IN A global economy, disaster can spread as easily as it strikes. The world is watching as news from Russia looks increasingly bleak, with potential implications for other regions. But as the situation continues to evolve, how could other countries be affected? Russia’s situation is troubling, but there are also plenty of forces at play in the international economy – from the falling price of oil, to monetary policy – which could offset the risks it poses elsewhere.
The Russian economy has been struggling for some time. While the country is now in a better financial position than during its last major crisis in 1998, and the risk of it defaulting on its debts is low, the corporate sector (and banks in particular) looks vulnerable. Due to sanctions imposed by other governments, many Russian companies are unable to refinance their debts, as access to international markets has essentially been cut off. Russia’s central bank will support the country’s major banks to some extent (an emergency package to shore up the banking system was announced yesterday), but defaults are still likely, particularly among the smaller ones.
Households are also vulnerable if inflation takes off on the back of the sharp currency depreciation: currently it is just below 10 per cent, but we could see it jump quickly into double digits as this situation progresses.
How did we get here? The recent oil price drop has had a substantial impact on Russia’s economy, but it is not the only issue the country faces. The ongoing Ukraine conflict, international sanctions, weak institutions and corruption present a cocktail of problems to aggravate the situation. Whether or not the oil price recovers meaningfully in the coming weeks, money is likely to continue to flow out of Russia, and the economy is headed deeper into recession. The only real question now is how far it can fall.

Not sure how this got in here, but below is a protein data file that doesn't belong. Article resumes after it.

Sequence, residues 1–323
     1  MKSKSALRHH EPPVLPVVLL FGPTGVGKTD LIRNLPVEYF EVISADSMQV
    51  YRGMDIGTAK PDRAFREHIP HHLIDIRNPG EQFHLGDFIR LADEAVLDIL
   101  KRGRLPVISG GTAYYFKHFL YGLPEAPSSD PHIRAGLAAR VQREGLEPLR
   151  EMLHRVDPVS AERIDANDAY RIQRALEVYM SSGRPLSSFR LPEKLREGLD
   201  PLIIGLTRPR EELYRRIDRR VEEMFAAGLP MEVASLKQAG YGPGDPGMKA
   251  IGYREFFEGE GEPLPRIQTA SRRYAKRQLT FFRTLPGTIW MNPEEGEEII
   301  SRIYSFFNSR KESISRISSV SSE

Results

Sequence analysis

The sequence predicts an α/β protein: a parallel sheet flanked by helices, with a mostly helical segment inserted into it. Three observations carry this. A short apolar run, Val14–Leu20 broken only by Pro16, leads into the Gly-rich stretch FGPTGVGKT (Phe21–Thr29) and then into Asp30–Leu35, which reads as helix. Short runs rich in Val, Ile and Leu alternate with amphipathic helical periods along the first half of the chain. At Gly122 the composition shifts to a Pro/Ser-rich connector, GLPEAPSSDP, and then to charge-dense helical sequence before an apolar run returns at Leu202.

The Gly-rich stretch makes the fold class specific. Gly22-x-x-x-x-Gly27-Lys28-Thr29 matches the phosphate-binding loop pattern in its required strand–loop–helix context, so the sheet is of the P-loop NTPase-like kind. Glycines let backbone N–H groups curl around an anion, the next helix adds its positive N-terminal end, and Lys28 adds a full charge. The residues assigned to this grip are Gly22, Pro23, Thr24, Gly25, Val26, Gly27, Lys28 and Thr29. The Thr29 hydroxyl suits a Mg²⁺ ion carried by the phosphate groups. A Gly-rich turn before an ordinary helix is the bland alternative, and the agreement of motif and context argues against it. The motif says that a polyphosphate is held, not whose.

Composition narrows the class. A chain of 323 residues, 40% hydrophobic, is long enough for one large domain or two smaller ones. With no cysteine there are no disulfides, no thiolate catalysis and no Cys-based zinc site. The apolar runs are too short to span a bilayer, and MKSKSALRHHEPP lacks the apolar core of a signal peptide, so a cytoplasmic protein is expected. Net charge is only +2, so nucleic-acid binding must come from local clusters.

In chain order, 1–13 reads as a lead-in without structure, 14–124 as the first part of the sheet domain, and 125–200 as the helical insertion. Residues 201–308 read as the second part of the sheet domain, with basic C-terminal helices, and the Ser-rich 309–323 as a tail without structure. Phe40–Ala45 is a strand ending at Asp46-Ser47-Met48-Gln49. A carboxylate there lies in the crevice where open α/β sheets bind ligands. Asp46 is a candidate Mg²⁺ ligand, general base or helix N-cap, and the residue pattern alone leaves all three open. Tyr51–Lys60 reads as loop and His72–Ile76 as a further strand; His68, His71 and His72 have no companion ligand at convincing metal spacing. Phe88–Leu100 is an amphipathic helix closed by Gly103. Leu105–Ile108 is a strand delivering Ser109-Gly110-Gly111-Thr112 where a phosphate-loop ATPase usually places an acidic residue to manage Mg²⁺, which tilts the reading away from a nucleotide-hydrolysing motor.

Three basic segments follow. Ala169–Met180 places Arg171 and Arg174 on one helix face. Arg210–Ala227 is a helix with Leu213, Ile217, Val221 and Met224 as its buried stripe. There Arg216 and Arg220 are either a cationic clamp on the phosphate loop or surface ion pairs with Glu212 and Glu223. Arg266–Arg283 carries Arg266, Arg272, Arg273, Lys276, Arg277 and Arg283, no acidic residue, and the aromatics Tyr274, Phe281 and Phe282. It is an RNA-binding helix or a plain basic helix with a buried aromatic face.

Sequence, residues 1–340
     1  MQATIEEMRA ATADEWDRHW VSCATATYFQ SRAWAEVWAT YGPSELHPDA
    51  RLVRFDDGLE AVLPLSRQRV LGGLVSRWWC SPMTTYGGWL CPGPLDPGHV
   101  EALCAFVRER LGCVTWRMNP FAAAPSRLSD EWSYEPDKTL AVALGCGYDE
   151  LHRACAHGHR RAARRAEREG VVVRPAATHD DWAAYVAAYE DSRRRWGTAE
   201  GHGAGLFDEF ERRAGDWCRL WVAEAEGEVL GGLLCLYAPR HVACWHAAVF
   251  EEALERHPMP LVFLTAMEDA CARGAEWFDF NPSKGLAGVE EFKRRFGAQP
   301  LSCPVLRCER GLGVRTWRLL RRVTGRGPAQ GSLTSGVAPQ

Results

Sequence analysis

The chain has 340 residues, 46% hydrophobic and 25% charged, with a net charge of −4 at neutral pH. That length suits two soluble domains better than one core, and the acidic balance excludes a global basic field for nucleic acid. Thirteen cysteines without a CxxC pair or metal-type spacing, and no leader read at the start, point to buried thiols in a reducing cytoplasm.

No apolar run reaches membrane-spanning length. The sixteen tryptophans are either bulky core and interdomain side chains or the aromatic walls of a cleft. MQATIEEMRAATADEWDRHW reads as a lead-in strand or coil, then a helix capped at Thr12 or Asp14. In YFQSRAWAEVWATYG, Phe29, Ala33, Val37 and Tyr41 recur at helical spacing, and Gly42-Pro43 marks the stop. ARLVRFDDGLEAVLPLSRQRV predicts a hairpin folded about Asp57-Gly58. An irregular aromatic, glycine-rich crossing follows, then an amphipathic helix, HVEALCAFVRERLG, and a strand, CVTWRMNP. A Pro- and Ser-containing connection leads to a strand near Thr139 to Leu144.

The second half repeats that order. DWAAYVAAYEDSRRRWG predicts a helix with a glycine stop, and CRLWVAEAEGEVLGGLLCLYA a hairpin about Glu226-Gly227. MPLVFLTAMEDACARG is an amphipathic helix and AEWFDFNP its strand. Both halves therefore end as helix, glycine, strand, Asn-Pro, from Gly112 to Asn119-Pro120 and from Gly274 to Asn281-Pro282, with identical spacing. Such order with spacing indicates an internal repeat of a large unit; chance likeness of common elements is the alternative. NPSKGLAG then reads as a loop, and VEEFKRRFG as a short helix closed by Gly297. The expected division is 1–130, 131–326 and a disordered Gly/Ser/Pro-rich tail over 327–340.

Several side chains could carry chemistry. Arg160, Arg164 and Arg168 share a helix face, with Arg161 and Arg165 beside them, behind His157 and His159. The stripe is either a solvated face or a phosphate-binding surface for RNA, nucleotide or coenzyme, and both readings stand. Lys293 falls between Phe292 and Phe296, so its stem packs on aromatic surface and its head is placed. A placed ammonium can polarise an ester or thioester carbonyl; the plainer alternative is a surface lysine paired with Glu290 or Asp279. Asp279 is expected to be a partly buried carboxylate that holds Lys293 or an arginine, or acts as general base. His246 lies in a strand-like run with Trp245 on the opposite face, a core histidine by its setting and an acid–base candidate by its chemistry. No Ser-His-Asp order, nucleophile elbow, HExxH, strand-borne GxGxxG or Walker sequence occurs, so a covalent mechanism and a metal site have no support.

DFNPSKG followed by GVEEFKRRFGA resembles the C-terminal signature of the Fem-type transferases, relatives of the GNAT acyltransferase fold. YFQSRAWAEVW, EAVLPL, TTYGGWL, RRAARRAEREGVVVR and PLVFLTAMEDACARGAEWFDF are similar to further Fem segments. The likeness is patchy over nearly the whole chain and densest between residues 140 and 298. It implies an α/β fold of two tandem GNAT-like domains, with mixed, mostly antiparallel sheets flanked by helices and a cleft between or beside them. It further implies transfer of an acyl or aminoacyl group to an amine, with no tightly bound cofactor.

The implications for other countries are significant. Europe is vulnerable. Banks in Hungary, Austria, Germany, France and Italy have some exposure to Russia, and while it’s unlikely that Russia’s situation is enough to derail the Eurozone’s growth story altogether, it will certainly add to existing concerns for the region. This is yet another reason for ECB president Mario Draghi to be bold, and carry out much-needed stimulus.
Further afield, emerging market assets are being hit hard. However, they could snap back quickly, and we already saw some correction in markets yesterday. More generally, I expect a widening differentiation between emerging market countries as we enter 2015. Places with decent fundamentals, such as oil importers with relatively low China exposure, like Turkey, India, Indonesia and Korea, are likely to benefit significantly from the tailwind of the lower oil price, while oil exporters will remain vulnerable.
Ultimately, the outlook for Russia looks challenging for the foreseeable future. Low oil prices – which should benefit the global economy overall by boosting consumption – will weigh on Russian growth next year, but there is more to the picture. Sanctions, combined with the sharp depreciation of the rouble, will continue to hit consumers and businesses for some time. For investors, countries highly exposed to Russia will be causes for concern. But unless Russia’s own problems become systemic, there should be enough tailwinds afoot to benefit the global economy overall.